Here's the dirt on common mistakes even the most fastidious among us make when cleaning the house.
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1. Washing Your Sponge in the Dishwasher
Wash sponges in the washing machine, not the dishwasher, or sterilize them by soaking for a minute in three cups of water mixed with 2 tablespoons chlorine bleach. Rinse well.
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2. Hand Washing Dishes Willy-Nilly
Wash dishes in this order: crystal, glassware, clear glass plates, other plates, flatware, serving ware, then the greasiest serving dishes and finally pots and pans. Start with the least-soiled dishes and end with the greasiest.
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3. Using Too Little Dishwashing Detergent
If you're observing a buildup of scum in the sink after washing dishes, it doesn't mean you're using too much detergent. In fact, you're probably not using enough detergent to prevent fats from adhering to the sink. Detergent suds actually gather and suspend tiny particles of soil, keeping them away from the newly cleaned surface. Try using a little more next time.
Photography: Bryan Gardner4 of 14
4. Soaking Stainless Steel
It's best not to soak stainless steel, since it will pit. Instead, rub it with white vinegar or lemon juice and a soft cloth to remove stains,
Photography: Johnny Miller5 of 14
5. Scraping Burned-On Food from a Cooktop
To clean burned-on food from spills from grates, place the grates on a large plastic bag or on newspaper in a well-ventilated area or outside. Carefully spray with commercial oven cleaner (follow the manufacturer's instructions). Let stand for several hours or overnight. Wash grates in hot, soapy water (wearing rubber gloves). Rinse thoroughly and dry before replacing.
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Photography: Johnny Miller6 of 14
6. Using Commercial Cleaners on a Self-Cleaning or Continuously Clean Oven
Never use commercial oven cleaners on a self-cleaning or continuously cleaning oven, as they can damage the oven walls.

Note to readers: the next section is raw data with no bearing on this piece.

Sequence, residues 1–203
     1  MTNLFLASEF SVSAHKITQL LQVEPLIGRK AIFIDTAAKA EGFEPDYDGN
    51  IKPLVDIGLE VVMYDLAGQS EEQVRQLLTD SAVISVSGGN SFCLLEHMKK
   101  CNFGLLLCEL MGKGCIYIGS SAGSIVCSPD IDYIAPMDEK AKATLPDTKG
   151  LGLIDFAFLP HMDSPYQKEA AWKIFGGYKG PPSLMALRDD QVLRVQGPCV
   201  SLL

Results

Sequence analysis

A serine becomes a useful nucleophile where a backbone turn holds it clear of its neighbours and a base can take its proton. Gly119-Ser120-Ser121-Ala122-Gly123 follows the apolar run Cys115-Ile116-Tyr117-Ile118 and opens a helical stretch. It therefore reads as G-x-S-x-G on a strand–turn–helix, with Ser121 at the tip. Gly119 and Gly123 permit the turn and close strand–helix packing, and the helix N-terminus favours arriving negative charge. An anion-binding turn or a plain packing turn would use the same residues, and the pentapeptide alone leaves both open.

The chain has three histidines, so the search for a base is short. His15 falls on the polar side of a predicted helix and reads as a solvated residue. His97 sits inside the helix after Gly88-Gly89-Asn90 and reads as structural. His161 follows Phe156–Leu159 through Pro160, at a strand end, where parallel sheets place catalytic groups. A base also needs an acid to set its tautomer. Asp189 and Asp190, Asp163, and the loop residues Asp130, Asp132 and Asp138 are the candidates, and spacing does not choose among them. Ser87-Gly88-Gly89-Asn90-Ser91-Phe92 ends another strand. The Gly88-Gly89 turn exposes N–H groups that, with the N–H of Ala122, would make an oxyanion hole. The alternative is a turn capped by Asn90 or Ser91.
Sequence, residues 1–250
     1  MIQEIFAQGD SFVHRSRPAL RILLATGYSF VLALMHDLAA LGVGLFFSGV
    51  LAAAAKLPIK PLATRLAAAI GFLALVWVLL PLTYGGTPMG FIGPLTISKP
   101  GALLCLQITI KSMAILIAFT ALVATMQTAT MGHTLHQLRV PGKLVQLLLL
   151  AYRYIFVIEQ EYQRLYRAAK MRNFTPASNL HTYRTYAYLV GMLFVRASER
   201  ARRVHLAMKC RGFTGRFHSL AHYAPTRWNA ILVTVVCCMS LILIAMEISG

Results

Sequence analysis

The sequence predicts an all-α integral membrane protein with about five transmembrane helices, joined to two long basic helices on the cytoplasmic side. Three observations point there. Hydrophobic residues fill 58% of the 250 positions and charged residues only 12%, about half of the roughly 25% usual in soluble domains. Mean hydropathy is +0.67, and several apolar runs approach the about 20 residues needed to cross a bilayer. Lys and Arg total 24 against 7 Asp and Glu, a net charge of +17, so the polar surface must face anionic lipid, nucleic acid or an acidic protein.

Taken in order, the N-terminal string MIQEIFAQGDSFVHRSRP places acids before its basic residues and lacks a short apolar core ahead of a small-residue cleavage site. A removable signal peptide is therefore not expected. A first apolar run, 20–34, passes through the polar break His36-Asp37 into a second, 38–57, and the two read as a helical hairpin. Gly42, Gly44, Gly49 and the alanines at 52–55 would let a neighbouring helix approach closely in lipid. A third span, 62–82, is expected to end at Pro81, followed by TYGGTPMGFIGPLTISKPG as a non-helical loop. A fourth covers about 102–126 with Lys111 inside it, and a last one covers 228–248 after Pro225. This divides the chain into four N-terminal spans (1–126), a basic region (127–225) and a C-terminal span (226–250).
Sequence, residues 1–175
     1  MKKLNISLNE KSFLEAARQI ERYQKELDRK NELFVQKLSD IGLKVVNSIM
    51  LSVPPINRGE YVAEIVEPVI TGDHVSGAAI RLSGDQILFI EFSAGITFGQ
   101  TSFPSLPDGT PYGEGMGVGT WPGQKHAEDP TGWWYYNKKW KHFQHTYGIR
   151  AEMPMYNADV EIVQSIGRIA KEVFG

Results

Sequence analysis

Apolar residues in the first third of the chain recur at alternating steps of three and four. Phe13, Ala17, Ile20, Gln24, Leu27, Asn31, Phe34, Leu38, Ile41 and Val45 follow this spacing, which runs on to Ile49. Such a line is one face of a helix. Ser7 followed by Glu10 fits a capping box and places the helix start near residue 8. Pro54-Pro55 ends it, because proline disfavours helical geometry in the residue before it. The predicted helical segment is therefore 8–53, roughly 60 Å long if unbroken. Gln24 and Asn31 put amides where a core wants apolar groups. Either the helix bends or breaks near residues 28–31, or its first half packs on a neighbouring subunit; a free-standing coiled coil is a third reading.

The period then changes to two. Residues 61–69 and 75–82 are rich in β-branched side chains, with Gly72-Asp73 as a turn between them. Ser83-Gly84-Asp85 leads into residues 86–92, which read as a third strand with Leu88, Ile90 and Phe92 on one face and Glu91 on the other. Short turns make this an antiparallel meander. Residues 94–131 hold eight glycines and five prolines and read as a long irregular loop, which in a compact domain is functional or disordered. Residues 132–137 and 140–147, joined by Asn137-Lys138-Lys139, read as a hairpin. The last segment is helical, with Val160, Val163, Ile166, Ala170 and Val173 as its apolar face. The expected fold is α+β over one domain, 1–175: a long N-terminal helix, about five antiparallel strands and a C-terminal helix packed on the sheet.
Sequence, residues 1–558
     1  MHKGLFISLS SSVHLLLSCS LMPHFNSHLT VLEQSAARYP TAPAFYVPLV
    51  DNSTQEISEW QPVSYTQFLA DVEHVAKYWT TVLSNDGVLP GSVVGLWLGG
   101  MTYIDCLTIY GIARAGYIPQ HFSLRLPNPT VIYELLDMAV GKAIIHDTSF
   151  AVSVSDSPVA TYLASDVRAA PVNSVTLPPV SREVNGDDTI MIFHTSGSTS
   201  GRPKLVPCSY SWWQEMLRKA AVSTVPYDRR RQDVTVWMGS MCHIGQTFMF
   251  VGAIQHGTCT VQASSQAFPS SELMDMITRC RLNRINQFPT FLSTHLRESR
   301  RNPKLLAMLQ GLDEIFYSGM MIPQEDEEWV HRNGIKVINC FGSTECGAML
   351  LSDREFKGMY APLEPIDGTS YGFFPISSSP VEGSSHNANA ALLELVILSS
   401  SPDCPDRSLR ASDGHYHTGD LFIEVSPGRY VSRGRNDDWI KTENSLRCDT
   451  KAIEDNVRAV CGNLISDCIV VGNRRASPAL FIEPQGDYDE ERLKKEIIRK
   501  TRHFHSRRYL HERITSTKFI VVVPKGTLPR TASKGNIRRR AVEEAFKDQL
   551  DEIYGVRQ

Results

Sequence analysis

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7. Being Afraid to Wash Silver in a Dishwasher
Most experts agree that hand washing sterling silver and silver plate is preferable because it's gentler, but silver can go in the dishwasher; it would take a long time and many washings for damage to occur.
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8. Neglecting to Clean Your Hanging Pot Rack
A hanging pot rack will need a thorough cleaning a couple of times a year. Remove everything that is hanging from it and wipe down the rack with a cloth dampened with hot water and a solvent-free degreaser. Wash and dry any pots to remove grease and dust.
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9. Putting Your Knives in the Dishwasher
It is best to wash and dry knives by hand, as washing them in the dishwasher can dull the blades or damage the handles. Rub off any stains with a clean wine cork dipped in mild dishwashing liquid; a mixture of coarse salt and lemon juice or vinegar also works well. Don't let knives soak, as their handles can shrink. Dry immediately.
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10. Polishing Wood Furniture
Regular polishing of wood furniture -- using one of the many liquids, creams, or aerosols designed to dispel dust or generate a shine -- is unnecessary and can even be damaging. Many of these products contain silicone, an oily substance that attracts more dust than it gets rid of. For all wood furniture, dusting is the only necessary maintenance.
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Photography: ERIC PIASECKI11 of 14
11. Using a Regular Vacuum Cleaner to Clean Dust from Electronics
A conventional vacuum cleaner can create more static and harm to your componenets. Hardware and electronics stores sell antistatic vacuums that are safe to use.
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12. Washing Your Comforter
You should not need to launder a comforter if you keep it covered, unless it has been saturated by a spill or an accident. Keep in mind that repeatedly washing or dry-cleaning down can remove some of its natural oils and reduce loft.
Photography: Lucas Allen13 of 14
13. Using Chlorine Bleach to Remove Tough Bathtub Stains
Chlorine bleach will set the stain.
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14. Not Wiping Down Your Shower -- Every Time
As with bathtubs, wipe down the walls and floor of the shower with a squeegee or dry towel. Wipe from top to bottom, including the shower door.